The Aeronauts

 

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Up, up and away from the Earth - but also from the facts.

 

Aeronauts, The

It happened one flight: Eddie Redmayne and Felicity Jones

 

One definition of ‘romance’ to be found in my dictionary is that of ‘any fictitious and wonderful tale’. Tom Harper’s new film may assure us that it was inspired by true events and, indeed, it does centre on an actual record-breaking balloon trip undertaken in England in 1862 but, even so, The Aeronauts is best thought of as a romance. The term’s more familiar meaning, a love affair, is hardly less applicable here since the bond between the two chief aeronauts plays out in tones akin to romantic fiction.

 

Accept this film on these terms and it is an entertaining piece: the subject matter is novel, the technical trickery to make us feel that we are aloft with the two leading characters is adroit and (best of all) The Aeronauts is a brilliant showcase for the talents of Felicity Jones. Veracity, however, has little to do with it. The balloon ascent depicted did happen and did indeed involve a meteorologist and member of the Royal Society, one James Glaisher played here by Eddie Redmayne. Undertaken for scientific motives, the event took man higher than ever before and the screenplay by Jack Thorne and the director draws on some authentic details. Nevertheless, even though there are generalised disclaimers in the end credits, it is quite naughty for The Aeronauts to imply at the outset that truth is at the heart of it.

 

In point of fact, Glaisher, already married by then, had as his partner in the endeavour one Henry Coxwell. Not so here. The film’s second aeronaut who accompanies him is the fictitious Amelia Wren (Jones’s role) and she is in fact presented as the leading character, a strong woman to appeal to 21st century audiences. Redmayne to his credit makes Glaisher a convincing supporting figure without ever distracting us from the fact that the film pivots on Amelia. She is given a tragic past (the film’s rather clumsy flashbacks that keep interrupting the flight at intervals are the main debit for those ready to enjoy this essentially fictional tale). But even more important to the structure of the film is the fact that Amelia’s relationship with Glaisher, unmarried here, follows the standard romantic cinema arc in which initial verbal sparring gives way to respect and then to a closeness that could easily lead to marriage.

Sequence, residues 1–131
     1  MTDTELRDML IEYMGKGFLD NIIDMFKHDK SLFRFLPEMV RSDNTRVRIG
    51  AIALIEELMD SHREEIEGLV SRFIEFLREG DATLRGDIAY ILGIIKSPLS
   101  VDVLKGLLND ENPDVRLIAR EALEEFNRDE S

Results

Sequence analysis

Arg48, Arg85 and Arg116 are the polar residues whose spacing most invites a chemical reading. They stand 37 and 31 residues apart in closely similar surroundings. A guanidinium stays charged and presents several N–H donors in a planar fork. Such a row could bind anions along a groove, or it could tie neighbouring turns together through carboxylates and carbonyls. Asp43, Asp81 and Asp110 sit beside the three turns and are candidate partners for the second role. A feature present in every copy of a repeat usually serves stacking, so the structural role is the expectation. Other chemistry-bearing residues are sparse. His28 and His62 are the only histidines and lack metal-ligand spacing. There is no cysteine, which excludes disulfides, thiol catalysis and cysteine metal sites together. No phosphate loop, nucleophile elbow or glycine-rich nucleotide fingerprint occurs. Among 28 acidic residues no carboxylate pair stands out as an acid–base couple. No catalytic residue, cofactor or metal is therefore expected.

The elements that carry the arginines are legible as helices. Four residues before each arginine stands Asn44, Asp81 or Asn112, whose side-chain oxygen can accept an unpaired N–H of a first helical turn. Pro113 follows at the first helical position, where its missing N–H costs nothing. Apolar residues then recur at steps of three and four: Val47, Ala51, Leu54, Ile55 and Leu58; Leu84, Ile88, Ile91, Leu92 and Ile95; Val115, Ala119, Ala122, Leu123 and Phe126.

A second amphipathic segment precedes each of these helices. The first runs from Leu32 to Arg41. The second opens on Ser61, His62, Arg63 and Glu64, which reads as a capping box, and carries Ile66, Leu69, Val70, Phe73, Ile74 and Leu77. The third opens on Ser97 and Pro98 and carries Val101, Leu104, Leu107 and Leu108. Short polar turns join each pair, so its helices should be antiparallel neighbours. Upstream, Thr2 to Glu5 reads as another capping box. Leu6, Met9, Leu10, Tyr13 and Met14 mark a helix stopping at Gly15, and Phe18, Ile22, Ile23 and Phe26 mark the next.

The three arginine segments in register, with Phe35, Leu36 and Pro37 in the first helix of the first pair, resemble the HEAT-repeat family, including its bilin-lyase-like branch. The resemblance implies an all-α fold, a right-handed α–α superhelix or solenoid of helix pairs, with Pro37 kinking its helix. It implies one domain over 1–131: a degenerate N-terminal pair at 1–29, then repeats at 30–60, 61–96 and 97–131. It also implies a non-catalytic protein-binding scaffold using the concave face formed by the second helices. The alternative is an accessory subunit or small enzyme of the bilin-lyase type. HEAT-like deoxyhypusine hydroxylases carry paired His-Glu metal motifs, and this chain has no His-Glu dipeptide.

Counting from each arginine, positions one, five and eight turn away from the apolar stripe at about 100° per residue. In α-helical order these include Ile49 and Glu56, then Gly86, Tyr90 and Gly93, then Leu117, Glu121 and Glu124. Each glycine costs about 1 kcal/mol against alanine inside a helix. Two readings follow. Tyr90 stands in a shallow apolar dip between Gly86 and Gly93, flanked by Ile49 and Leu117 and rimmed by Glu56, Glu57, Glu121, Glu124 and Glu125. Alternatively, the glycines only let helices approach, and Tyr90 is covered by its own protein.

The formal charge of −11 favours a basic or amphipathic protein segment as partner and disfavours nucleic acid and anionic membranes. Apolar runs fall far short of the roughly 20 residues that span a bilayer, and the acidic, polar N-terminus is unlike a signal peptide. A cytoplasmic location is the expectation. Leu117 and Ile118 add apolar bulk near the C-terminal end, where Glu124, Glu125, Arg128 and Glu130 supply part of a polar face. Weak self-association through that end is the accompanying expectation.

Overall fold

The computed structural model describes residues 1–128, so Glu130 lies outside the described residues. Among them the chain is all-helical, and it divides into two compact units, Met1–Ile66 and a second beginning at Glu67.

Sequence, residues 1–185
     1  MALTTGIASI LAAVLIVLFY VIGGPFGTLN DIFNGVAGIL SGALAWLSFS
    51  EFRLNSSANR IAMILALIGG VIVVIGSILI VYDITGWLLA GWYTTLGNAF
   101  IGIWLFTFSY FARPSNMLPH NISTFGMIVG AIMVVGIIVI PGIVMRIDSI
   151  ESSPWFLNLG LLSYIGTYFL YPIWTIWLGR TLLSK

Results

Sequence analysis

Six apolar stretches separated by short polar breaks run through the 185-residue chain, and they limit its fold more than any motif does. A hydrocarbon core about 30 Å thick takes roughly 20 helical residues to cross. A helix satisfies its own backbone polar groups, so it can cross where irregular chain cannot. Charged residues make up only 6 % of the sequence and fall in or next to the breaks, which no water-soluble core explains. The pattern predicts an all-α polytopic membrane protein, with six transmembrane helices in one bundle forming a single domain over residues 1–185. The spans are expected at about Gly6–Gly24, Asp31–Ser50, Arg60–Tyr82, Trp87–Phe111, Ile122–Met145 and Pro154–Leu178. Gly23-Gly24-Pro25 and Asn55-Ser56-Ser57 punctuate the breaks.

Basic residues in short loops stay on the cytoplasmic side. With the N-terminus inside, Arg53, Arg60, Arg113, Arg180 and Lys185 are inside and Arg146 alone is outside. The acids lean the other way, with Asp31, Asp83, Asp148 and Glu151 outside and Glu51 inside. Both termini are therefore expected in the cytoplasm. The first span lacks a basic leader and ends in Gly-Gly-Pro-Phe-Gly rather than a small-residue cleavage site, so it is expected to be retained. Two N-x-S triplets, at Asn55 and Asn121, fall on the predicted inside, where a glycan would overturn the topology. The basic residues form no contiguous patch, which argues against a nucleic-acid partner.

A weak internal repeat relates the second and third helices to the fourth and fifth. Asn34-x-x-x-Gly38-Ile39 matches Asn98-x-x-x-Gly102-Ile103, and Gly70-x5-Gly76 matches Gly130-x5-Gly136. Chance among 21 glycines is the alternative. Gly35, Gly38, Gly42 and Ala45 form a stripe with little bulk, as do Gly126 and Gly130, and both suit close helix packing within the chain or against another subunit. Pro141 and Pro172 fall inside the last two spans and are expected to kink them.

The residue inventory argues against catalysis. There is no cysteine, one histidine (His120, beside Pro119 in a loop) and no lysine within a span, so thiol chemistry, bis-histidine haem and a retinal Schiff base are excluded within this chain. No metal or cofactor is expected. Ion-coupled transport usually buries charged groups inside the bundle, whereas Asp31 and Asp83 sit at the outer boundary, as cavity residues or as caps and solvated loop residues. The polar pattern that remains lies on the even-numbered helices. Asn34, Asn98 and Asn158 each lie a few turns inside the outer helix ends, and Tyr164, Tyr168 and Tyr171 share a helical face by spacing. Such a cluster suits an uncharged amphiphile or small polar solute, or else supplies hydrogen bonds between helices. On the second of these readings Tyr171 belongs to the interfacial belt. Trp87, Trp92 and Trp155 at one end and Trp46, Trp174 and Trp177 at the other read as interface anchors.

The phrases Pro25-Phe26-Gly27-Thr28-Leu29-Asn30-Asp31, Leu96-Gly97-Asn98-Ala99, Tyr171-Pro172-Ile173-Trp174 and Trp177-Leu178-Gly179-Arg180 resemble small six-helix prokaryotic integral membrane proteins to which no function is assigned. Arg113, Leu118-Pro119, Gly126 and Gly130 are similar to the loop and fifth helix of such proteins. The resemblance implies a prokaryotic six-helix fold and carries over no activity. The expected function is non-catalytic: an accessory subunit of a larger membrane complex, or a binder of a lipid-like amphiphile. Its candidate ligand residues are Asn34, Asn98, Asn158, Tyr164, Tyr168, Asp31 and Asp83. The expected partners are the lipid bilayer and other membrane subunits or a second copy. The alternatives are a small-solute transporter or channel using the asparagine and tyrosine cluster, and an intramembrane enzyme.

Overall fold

Jones is absolutely terrific and, although The Aeronauts comes near to functioning as a work for two players, there are telling cameos from Tom Courtenay and Anne Reid as James’s parents while, in the main supporting role as his friend and colleague, Himesh Patel given little to do nevertheless has enough screen presence to make one take note. If the tone of The Aeronauts is larger than life, so is the dialogue itself at times, but audiences looking for entertainment in the form of an escapist romance should get their money’s worth and by any standards Felicity Jones gives a performance to be cherished.

 

MANSEL STIMPSON

 

Cast: Felicity Jones, Eddie Redmayne, Himesh Patel, Anne Reid, Tom Courtenay, Phoebe Fox, Tim McInnerny, Vincent Perez, Rebecca Front, Robert Glenister, Lewin Lloyd.

 

Dir Tom Harper, Pro Tom Harper, Todd Lieberman and David Hoberman, Screenplay Jack Thorne and Tom Harper, from their story, Ph George Steel, Pro Des David Hindle and Christian Huband, Ed Mark Eckersley, Music Steven Price, Costumes Alexandra Byrne.

 

Amazon Studios/Mandeville Films/One Shoe Films/Popcorn Storm-Entertainment One.
100 mins. UK. 2019. Rel: 4 November 2019. Cert. PG.